I hear the phrase all the time at the gym or on the internet, “Abs are made in the kitchen.” To me, this is a very misinformed statement and I’ll tell you why.
Every human is born with a set of abs (rectus abdominis, transverse abdominis, internal and external obliques) unless they have some type of genetic birth defect.
What people fail to realize is they serve more of a purpose than just for looks. Yes, you can diet and do fasted cardio to make them what I like to say “Come out to play” but what’s the point if they’re weak. If you don’t train and strengthen these muscle you wont get the results you want when you start to lose body fat.
Now when I say “train your abs” if the first thing that pops in your mind is cable crunches or weighted crunches on the ab machine then you need to keep reading.
Not only are those exercises (if you can call them that) dysfunctional, they are potentially harmful to the person doing them. Dr. Stuart McGill explains that when your lumbar spine goes into repeated flexion (bending forward) your squeezing on the intervertebral discs in your spine (Source) This repeated action can lead to serious issues to your lower back and spine down the line.
I compare it to smoking cigarettes. One wont kill you but after 30 years of smoking you wind up with lung cancer. Most Americans have desk jobs where they sit all day in front of a computer screen and their hip flexors are constantly being put under a shortened position and become immobile over time due to a lack of blood flow.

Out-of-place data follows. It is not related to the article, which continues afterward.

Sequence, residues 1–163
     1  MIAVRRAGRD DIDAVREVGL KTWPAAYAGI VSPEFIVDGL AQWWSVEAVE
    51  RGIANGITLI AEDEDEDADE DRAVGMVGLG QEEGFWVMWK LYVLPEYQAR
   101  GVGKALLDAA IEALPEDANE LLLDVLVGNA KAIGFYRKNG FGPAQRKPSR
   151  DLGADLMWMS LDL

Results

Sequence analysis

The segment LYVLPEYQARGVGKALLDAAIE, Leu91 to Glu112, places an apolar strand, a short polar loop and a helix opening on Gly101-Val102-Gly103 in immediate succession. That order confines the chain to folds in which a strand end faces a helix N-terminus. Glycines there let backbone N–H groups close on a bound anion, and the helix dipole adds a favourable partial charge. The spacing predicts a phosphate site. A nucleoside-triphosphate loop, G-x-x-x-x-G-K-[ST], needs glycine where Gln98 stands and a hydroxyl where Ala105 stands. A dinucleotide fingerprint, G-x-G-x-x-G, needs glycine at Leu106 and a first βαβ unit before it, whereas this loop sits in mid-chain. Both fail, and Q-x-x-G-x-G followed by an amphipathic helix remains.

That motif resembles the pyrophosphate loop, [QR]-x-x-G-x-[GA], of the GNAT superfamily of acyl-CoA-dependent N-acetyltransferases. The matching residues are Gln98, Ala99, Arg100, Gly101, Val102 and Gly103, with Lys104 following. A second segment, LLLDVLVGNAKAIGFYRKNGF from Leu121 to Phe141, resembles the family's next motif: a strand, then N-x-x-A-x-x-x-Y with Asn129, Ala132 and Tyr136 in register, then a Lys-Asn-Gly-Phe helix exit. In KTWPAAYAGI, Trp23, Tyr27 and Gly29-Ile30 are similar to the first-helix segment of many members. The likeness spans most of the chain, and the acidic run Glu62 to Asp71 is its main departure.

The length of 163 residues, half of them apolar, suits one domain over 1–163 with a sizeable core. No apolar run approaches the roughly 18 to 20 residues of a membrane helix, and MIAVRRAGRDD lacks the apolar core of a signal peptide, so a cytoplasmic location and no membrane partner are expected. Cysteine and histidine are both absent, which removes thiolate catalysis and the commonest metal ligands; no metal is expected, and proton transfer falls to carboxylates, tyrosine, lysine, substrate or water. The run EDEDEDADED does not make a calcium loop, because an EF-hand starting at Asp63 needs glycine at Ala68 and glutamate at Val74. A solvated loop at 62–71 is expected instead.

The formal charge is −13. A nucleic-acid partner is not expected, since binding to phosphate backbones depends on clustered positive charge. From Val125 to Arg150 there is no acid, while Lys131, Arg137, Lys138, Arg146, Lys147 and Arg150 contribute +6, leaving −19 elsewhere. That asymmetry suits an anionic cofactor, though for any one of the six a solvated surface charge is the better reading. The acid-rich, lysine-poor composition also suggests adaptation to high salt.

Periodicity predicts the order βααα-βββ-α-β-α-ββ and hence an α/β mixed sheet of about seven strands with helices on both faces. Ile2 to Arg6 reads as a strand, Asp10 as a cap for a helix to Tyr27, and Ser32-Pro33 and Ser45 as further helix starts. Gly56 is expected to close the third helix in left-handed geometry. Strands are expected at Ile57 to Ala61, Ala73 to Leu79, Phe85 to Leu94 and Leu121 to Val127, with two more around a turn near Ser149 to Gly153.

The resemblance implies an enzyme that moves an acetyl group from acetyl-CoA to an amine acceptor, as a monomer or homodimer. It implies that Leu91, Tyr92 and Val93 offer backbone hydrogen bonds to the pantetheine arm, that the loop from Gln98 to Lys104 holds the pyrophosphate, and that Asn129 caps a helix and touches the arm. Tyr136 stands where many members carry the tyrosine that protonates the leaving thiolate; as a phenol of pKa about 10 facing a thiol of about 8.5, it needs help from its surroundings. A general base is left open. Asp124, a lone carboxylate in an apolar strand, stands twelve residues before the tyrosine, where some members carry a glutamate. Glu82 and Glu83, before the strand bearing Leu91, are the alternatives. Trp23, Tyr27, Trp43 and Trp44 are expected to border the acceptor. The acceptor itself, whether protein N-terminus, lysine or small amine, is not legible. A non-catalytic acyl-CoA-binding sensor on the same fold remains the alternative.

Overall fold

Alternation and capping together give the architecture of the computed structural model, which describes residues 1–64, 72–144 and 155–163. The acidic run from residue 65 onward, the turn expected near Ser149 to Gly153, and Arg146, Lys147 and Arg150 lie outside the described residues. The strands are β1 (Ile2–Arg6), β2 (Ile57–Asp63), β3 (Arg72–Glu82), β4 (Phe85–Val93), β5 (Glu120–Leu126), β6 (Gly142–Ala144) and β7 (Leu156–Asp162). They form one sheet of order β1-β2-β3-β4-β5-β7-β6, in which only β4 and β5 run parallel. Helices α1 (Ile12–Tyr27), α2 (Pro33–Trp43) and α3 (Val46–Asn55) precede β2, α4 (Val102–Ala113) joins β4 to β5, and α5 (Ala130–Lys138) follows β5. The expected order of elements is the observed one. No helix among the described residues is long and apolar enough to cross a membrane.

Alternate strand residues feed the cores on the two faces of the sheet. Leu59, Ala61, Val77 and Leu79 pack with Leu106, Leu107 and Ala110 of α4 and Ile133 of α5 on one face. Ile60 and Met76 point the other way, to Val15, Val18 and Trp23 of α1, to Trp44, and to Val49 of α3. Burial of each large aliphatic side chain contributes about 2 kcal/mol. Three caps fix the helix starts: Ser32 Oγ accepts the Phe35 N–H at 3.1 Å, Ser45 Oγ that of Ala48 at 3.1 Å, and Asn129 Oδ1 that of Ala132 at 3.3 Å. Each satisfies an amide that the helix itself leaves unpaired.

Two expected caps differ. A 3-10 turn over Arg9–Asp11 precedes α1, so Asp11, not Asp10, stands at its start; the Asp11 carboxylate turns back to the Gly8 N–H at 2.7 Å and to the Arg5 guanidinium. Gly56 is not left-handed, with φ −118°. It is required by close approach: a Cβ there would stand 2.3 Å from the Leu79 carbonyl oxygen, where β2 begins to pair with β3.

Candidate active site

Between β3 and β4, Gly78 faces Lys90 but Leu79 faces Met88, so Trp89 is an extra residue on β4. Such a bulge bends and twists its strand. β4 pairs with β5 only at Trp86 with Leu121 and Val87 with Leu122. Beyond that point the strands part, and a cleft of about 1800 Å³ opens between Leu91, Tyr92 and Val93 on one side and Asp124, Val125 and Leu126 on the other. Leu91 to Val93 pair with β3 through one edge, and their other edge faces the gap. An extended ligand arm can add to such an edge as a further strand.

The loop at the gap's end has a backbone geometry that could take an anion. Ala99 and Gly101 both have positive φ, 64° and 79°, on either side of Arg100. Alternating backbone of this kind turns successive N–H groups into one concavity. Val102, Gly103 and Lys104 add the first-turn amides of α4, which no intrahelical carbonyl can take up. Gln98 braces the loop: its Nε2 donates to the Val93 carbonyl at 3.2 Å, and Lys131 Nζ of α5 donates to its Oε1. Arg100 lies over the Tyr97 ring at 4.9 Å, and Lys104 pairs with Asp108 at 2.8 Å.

So lets say you want to go to the gym after you get done with work. You get done with work and hop in your car to sit some more on your way to the gym. Better options by the way would be walking if its within a reasonable distance or take a bike ride to the gym and try to avoid sitting on the bike!
When you finally get to the gym to train abs why would hop on the seated ab machine and start crunching out reps with a loaded weight? I ask, because I’ve seen it several times at the gym and I’m usually busy training and don’t have the time to help the misinformed. So without getting too far off topic lets delve deep a little more into the core.
The core is the center piece of the human body. It connects the upper body to the lower. Hence, it is a very important structure and must be trained not just for aesthetics but for function and strength. Having a strong core will not only allow you to perform all movements in the gym better (deadlifts, squats, pushups to name a few) but better in everyday activities (sitting, standing, walking, sprinting etc.). There is a better way to train your midsection and get you the results you want without wreaking havoc on your spine.
Here are some exercises to avoid doing when training your core:
- Weighted crunches w/ rope attachment
- Seated or Standing Ab Machine crunches
- Decline crunches with feet in fixed position
- Weighted Lateral Bending
- Wheel Rollouts
- Physioball Lying Deadbugs
- 1/2 Kneel Cable Chop
- Kettlebell Suitcase Carry
The phrase should be, “Abs are built in the gym but come out to play in the kitchen.”